"What a beautiful proverb and a beautiful picture of your ancestor! Thanks for sharing." ~ Taylortales-Genealogy

This little babe has a very special place in my heart and I'm so thankful to have a copy of this portrait of her as an infant. Little Anne Cowhey must have been a true joy to her parents.

Best Picture Runner-up

Crossing the Potomac with William: a soldier’s story

Not a photograph, but an image of the actual handwritten account that my great-great-grandfather's brother wrote about an experience during their time as Union soldiers in the Civil War, this is a true treasure. I was so happy to discover this document amidst the pension file for William Cowhey. His brother Thomas tells in his own words and his own handwriting (with lots of creative spelling) about their suffering as they crossed the Potomac River, crossed back over again, and spent a miserable night in wet clothing.

"Not only is the story of Lisa’s 2nd great-grandfather’s untimely death interesting, but her post reminds us of alternate sources of information we can use to learn more about the lives (and deaths) of our ancestors." ~ Donna Pointkouski, What's Past is Prologue, Donna's Picks Week of February 24, 2008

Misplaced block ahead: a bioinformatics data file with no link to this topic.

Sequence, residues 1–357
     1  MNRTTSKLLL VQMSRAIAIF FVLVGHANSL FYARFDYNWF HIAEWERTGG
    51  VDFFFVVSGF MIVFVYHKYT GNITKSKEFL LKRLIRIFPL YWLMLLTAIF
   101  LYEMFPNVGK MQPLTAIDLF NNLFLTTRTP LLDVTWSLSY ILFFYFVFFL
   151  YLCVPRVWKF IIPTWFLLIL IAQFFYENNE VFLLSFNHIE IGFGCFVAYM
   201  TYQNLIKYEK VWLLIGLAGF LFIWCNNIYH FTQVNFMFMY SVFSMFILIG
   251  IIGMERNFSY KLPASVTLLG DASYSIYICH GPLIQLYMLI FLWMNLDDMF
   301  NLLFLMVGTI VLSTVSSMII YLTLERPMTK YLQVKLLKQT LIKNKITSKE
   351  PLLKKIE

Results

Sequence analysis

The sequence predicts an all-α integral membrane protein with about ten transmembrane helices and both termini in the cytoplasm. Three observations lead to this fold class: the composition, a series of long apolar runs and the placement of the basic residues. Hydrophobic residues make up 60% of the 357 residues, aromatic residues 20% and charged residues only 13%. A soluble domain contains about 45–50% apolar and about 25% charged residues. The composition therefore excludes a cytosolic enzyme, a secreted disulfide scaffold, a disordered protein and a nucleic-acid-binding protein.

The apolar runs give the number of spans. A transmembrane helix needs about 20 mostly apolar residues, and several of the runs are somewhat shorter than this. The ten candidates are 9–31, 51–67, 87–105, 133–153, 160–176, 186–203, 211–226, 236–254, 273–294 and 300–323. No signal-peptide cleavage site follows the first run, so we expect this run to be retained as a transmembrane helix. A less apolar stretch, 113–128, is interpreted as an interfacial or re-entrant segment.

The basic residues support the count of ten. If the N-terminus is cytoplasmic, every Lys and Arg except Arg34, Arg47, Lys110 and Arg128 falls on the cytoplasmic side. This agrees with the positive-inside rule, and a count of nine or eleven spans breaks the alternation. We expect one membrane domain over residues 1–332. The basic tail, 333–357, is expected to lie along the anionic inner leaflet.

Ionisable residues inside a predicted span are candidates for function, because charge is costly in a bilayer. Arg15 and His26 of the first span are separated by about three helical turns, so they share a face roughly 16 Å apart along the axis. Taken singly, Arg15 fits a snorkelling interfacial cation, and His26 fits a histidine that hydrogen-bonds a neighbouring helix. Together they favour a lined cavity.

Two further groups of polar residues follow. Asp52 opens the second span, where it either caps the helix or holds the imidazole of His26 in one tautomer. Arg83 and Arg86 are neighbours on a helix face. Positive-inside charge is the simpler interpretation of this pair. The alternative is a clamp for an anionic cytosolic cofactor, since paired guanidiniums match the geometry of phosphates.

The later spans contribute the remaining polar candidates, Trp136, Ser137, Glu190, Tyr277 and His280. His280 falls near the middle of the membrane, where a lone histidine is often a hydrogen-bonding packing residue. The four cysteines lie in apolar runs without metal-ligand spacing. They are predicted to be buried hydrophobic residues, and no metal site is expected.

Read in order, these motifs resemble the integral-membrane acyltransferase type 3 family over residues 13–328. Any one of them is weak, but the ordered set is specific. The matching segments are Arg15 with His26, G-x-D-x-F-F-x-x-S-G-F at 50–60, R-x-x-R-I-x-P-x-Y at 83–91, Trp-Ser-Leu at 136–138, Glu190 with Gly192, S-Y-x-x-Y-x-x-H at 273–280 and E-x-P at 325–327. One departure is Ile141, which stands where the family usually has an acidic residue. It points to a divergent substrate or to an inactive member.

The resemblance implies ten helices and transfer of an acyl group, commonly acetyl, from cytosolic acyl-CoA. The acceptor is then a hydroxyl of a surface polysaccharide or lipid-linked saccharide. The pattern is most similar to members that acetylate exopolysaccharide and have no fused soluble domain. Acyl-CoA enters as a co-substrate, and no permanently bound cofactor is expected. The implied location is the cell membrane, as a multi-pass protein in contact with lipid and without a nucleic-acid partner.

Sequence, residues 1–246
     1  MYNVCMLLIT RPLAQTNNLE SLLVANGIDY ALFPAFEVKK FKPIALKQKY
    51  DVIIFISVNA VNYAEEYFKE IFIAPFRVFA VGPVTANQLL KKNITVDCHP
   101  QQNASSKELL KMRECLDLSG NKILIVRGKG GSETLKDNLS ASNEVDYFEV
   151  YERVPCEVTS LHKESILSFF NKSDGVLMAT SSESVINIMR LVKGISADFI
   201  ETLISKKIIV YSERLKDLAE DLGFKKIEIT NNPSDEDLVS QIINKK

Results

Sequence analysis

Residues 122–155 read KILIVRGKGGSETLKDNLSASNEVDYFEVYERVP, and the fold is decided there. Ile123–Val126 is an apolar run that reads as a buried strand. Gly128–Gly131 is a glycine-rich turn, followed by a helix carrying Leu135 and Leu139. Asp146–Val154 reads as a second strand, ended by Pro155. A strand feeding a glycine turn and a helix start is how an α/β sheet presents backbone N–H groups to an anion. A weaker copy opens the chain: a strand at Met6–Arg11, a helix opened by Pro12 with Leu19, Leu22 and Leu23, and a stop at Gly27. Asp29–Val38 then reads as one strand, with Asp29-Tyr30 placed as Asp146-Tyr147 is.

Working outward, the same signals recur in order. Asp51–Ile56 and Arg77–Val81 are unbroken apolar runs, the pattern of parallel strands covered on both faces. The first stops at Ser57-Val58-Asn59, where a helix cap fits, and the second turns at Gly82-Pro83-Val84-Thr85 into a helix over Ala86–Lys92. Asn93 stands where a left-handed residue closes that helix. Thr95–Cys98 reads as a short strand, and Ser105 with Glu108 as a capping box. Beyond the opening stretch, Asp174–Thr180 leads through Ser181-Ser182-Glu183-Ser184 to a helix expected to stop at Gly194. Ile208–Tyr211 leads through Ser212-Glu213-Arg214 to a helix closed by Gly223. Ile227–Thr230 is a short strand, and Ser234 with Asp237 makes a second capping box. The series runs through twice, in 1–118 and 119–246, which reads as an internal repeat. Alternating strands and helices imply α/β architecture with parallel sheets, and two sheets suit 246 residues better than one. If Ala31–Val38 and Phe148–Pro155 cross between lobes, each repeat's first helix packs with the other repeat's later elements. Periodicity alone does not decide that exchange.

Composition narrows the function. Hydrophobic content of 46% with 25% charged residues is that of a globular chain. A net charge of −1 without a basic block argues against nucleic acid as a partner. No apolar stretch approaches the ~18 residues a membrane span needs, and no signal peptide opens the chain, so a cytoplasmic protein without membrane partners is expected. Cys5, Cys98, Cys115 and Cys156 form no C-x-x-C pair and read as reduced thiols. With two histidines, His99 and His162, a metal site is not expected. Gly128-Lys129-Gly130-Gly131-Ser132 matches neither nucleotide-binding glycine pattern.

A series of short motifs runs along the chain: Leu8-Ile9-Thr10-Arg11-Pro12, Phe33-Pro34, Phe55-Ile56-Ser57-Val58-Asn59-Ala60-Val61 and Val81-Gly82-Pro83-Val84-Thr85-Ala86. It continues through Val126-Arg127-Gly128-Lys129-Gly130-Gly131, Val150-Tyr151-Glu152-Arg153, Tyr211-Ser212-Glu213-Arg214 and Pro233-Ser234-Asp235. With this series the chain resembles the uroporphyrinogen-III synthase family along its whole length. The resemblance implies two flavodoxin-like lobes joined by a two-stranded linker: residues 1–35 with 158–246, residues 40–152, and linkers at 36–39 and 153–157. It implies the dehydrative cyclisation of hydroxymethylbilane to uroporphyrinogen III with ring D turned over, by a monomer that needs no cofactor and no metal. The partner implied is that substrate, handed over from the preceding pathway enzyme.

The story of the life and death of my great-great-grandfather William Cowhey is made for the movies. A man shaped by his times, he was a Union Civil War veteran who had worked his way up to Engineer for the Reading Railroad. Riding another engineer's train home from his shift one night, he died because of a violent engine explosion, leaving his wife and twelve children behind. These articles tell the story of the accident that took his life in 1892, which sadly, occured only a few years before major changes were made in railroad safety.

Best Screen Play Runner-up

"Great post... I guess we all may find a black sheep in our lines." ~ Colleen McHugh, Orations of OMcHodoy

Many questions remain regarding the life of my great-great-grandfather John Donnelly. Was he truly the John who died in this horrible boiler explosion at the Bear Ridge Colliery mine in 1893? Is he linked with the infamous Mollie Maguires of Schuylkill County? More research remains to be done, but the story as I've unearthed it so far has the potential to make quite an exciting movie - a tragedy that speaks of the sufferings and risks that late 19th-century miners and their families faced every day.

Best Documentary Award

Black cats, lucky pennies and troublesome fairy folk

"As always, fascinating post and great links to read. Thanks. I recently freaked when my youngest tried to open an umbrella inside. LOL" ~ Colleen Johnson, CMJ Office Blog